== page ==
After three similar attacks in the Eastern Market area this month, the community voiced their concerns that women are being targeted for violence. In one case, a young woman was forced by her knife-wielding attacker into an alleyway, where he pulled up her skirt. When she resisted, he stabbed her in the neck and ran off with her possessions. These attacks and subsequent community outcry come on the heels of a public sexual assault that was perpetrated around the Minnesota Ave. Metro station in March.
Our hearts go out to residents of both communities. To any of our followers in those areas: we are here as a resource for you as you work through this problem, and we encourage you to reach out any time.
And when we heard reports that the MPD representatives at Wednesday’s safety meeting in Capitol Hill were encouraging women to not walk around late at night and avoid carrying bags, we were concerned.
Too often, the immediate response to a crisis of safety is to ask women to restrict their movements and change their behaviors. This “solution” places power in the hands of perpetrators and fails to protect the people who have to move around at night for work or any other reason. Instead of focusing on how victims can change, try something new: harness the power of the community and send a message that victims will be supported and perpetrators will be held accountable. In other words, take collective action!
Here are just three examples of what form that could take, inspired by things that have happened right here in DC (there are many, many more great examples from around the country and the world!):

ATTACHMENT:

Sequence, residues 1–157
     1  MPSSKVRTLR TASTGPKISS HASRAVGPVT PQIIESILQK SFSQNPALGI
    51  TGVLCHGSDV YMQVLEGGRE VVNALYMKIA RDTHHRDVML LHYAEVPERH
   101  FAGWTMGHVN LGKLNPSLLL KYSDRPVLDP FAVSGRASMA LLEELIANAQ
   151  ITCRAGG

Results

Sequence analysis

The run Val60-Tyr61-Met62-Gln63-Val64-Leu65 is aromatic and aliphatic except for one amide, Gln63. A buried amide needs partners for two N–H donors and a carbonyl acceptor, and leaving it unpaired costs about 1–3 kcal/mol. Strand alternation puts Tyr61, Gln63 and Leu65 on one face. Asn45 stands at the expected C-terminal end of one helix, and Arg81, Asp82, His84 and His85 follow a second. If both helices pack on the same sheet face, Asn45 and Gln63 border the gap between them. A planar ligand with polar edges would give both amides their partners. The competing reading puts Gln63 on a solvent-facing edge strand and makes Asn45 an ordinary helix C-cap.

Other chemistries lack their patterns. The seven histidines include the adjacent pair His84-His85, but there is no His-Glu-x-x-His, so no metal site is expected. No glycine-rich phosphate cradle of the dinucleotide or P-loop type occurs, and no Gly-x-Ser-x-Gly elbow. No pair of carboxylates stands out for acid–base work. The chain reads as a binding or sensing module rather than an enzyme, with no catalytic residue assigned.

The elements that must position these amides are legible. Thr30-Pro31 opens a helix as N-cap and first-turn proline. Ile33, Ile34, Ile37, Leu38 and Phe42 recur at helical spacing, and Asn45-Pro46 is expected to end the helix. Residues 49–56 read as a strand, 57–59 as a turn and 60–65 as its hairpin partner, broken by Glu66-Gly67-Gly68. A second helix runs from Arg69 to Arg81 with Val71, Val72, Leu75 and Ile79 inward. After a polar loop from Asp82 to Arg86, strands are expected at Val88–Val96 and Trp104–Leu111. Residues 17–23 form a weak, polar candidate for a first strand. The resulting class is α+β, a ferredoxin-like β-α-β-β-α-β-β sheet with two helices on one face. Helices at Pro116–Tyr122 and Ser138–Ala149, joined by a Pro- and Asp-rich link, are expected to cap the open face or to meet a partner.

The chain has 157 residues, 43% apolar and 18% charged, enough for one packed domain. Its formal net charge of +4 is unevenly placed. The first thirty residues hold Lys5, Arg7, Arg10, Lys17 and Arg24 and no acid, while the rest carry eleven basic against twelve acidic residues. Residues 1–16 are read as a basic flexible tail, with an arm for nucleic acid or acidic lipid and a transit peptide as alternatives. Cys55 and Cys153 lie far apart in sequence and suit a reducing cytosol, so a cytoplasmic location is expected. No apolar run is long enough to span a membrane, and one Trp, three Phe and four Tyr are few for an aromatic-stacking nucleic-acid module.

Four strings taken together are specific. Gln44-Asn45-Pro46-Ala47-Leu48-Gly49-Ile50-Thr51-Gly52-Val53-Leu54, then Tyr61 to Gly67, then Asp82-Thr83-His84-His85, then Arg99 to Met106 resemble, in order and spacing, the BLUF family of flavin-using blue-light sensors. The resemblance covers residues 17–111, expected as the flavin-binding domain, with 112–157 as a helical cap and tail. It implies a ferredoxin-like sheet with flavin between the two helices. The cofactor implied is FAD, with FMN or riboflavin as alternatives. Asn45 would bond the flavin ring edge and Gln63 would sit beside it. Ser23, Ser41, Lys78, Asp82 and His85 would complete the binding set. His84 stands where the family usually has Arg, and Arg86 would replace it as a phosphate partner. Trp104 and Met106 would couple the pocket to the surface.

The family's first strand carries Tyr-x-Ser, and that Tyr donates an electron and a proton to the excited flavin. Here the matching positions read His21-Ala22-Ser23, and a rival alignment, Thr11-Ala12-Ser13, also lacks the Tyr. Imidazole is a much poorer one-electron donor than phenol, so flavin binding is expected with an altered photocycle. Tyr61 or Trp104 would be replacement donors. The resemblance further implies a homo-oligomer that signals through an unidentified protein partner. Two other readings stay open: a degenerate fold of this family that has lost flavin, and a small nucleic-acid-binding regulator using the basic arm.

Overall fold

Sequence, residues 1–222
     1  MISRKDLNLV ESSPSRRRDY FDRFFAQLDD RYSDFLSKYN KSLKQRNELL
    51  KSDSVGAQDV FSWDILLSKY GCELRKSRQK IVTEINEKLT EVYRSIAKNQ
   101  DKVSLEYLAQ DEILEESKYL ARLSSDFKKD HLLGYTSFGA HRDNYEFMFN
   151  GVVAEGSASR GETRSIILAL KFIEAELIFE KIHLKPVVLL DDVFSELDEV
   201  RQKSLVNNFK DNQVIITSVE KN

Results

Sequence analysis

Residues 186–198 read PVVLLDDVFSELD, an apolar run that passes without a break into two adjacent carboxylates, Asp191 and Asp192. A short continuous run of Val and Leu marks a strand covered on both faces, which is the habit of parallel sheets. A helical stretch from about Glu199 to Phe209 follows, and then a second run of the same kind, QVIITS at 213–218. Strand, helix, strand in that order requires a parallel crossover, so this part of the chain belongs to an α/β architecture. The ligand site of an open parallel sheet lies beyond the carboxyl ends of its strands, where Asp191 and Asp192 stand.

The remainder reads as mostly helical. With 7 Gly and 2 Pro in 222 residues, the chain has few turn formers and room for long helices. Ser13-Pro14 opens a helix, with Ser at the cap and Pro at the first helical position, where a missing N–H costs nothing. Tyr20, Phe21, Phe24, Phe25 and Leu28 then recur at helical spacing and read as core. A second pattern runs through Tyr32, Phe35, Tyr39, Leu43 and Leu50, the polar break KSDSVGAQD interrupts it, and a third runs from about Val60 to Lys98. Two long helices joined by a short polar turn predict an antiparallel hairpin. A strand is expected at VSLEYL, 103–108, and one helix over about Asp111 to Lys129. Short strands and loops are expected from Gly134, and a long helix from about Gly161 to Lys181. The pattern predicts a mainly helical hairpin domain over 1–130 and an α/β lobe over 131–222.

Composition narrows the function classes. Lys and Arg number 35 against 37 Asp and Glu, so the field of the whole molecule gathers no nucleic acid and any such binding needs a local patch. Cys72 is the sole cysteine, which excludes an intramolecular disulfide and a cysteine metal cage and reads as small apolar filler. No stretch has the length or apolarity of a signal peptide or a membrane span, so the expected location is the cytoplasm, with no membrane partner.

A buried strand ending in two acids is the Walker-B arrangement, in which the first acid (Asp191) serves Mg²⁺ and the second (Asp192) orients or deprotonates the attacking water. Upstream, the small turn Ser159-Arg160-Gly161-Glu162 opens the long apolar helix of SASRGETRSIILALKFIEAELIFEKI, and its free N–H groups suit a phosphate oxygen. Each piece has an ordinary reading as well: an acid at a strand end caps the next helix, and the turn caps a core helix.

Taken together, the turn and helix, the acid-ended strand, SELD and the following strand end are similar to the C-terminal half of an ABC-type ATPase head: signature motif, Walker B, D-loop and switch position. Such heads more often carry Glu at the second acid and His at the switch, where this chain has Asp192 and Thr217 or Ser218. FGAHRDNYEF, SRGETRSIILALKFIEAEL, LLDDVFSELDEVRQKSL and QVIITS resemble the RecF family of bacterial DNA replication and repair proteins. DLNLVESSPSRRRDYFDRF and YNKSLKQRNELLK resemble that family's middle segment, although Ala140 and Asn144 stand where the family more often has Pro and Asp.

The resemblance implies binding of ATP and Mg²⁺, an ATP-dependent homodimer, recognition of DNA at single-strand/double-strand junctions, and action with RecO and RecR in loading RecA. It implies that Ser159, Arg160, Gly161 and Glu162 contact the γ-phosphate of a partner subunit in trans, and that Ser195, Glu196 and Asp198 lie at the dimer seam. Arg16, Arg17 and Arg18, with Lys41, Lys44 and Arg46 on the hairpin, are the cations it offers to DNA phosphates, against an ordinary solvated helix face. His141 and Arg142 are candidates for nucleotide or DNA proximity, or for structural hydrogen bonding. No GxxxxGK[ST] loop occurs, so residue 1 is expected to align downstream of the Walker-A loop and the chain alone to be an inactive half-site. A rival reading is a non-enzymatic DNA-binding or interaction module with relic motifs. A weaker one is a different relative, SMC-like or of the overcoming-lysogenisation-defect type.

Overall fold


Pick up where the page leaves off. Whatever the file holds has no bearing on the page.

- Talk to your neighbors about what sexual aggression looks like and how to safely step in when they see something happening (call us up if you want to be trained on bystander intervention!).
- Get everyone together to work on a public art project that puts anti-violence messaging where it can’t be ignored.
- Organize a demonstration to show that your community stands together against violence, like the one put together in 2012 by concerned Bloomingdale residents after two of their neighbors were targeted and attacked for their sexuality.
Again: we are here as a resource for folks who want to take organize their community to end public sexual harassment and assault! Email firstname.lastname@example.org with your questions or training requests. Any other ideas, thoughts, or words of support for the people of Deanwood and Capitol Hill? Leave them in the comments — and then get out onto the streets!